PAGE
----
Some updates on the build:
I've been getting a small chunk of time to work on the thing here and there. As usual, the amount that I learn after the project starts far exceeds the amount that I know beforehand.
The general plan has been to design a mezzanine loft using 4x4 3/16" wall square tube pillars at the four corners. This is to support a floor framed with 6" I beams and angle iron, which will then skinned over with wood 2-by material and OSB.
Problem number 1 came up as I had to decide whether to bolt or weld the thing together. I decided to bolt in order to allow for modification in the future, and also to keep the heat off the walls. The I beam rails will be right up against the drywall and I wouldn't be able to weld anything from the back.
Problem number 2 followed immediately. If I can't weld on the backsides of the I beams, then I surely can't apply a wrench there either. All the connectors that hold beams together up against the would have to be manageable from the facing side, only. Consequently, I had to design and build a set of connections that had welded parts on the backsides, with welded nuts for bolts. Only parts that came from the front would be boltable.
This had implications with regard to the order of assembly as well.
Here's what I came up with:
This is the top of one of the 4x4 pillars. It's 7.5' tall. All 4 are slightly different. There are two back-corner versions (a right and a left) and two front-corner versions as well. This is the front left.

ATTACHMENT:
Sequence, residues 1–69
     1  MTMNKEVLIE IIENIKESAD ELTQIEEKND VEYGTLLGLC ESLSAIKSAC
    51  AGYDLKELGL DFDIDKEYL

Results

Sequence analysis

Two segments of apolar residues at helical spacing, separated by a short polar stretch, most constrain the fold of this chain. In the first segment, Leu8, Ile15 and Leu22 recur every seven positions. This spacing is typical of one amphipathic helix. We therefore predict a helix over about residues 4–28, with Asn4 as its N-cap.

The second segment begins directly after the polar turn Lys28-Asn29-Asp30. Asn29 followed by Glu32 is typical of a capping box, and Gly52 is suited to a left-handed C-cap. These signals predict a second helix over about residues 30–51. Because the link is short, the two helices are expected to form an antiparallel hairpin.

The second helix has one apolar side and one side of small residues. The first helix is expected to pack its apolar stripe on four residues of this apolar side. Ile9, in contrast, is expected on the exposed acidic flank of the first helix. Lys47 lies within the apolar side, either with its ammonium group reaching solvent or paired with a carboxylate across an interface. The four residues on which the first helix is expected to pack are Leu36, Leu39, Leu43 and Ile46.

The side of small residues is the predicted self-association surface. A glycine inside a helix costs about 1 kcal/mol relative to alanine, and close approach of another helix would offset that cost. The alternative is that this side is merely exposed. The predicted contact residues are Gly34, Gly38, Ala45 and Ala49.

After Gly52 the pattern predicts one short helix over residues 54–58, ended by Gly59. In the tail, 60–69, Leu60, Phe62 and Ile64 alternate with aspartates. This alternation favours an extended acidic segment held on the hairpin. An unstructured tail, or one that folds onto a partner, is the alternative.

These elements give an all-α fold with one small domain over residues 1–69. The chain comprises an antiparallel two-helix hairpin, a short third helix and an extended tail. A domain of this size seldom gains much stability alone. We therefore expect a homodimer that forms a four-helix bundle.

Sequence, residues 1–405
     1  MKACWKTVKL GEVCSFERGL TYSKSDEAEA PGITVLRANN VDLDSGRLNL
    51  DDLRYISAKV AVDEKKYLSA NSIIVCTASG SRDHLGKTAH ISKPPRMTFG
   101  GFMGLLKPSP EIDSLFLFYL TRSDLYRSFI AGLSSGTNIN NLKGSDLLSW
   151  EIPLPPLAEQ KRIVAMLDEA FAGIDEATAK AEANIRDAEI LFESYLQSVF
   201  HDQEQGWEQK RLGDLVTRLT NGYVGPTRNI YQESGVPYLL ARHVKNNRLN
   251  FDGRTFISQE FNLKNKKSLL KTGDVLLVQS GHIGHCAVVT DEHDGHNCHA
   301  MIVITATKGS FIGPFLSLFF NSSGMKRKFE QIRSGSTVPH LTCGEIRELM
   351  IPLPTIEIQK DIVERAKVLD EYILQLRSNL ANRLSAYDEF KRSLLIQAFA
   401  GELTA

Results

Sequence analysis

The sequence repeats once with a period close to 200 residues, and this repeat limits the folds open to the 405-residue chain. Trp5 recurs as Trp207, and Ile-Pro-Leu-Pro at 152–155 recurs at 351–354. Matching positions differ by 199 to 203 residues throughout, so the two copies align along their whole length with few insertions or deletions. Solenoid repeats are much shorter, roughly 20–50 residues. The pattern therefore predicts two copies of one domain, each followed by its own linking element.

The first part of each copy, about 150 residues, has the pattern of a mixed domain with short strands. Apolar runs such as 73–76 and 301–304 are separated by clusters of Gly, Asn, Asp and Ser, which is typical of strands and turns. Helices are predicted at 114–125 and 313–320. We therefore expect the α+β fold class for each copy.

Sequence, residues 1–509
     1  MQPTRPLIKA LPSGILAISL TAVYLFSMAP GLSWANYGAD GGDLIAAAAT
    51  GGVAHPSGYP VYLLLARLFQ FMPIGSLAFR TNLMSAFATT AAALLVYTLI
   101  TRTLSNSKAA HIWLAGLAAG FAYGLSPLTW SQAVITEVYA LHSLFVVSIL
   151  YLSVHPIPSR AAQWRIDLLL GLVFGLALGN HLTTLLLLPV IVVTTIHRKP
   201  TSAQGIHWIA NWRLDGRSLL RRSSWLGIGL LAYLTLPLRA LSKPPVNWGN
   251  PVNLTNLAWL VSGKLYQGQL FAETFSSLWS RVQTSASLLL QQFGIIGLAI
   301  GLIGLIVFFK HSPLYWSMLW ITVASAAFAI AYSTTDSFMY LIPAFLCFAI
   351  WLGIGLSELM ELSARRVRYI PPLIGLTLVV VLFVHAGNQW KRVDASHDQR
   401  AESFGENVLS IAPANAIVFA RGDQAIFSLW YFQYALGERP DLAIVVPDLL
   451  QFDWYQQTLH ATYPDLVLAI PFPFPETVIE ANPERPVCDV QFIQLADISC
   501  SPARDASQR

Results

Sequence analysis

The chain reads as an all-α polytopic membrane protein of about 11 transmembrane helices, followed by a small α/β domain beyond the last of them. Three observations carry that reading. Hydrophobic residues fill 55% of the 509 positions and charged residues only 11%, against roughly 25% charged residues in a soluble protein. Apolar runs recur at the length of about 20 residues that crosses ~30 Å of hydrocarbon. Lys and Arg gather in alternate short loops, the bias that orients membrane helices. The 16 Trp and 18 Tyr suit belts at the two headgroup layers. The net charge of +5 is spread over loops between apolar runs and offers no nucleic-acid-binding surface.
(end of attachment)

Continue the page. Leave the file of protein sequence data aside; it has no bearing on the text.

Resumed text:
Each pillar has a pair of supporting corbels made from 2x3 .250" wall angle iron that the the I beams rest on. The bottom flange of the I beam through-bolts with the corbel using half inch grade 8 bolts. The web of the I beam is then bolted between two cleats of .188" wall angle iron. One is welded to the pillar and the other bolts up. On top of the pillar is another triangular piece of plate which is just there to take a screw which will hold down the plywood. I didn't cover the pillar completely because I need to be able to get a nut and a wrench down the hole.
Here is the rear left pillar, right-side up:
The rim of the structure all the way around is made from wide flange I-beam (also called "H" beam). The specific designation is W6x12#. W="wide flange", 6=inches in height, and the 12# is the weight per foot. W6x12 is 4" wide and has a web thickness of 0.230".
This is opposed to standard 6" I-beam which is designated S6x12#. Standard I-beams are mostly phased out, but the smaller stuff is still readily available. I decided to use it for the internal cross members because I was only going to be anchoring to the web.
Here are the two different kinds of I beam side by side:
The one with tapered flanges is the standard type. It's an extruded and rolled product. The central webs are about the same, but you can see on the one kind, the flanges are tapered and shorter, and on the other, they're flatter and wider. The older "standard" type of I beam with tapered flanges is only 3.25" wide and still weighs 12 pounds per foot. The wide flange 12# version is 4" wide.
As you might imagine, the tapered flange is lousy to drill and bolt through, but either could be welded without a problem.
I used wide flange I beam around the edges, but the central cross members are standard type so that I can fit them thus:
That's the part I'm doing today. I cut those beams to let the flange stick out. It will be sandwiched with two bolts, between angle iron cleats welded onto the other beam.
I should have all the I beam work done here today, and then I'll start cutting angle iron. There will be angle iron parts every 2 feet bridging between the I beams. The angle irons will support wood 2x4's or 2x6's, which will then support the OSB floor.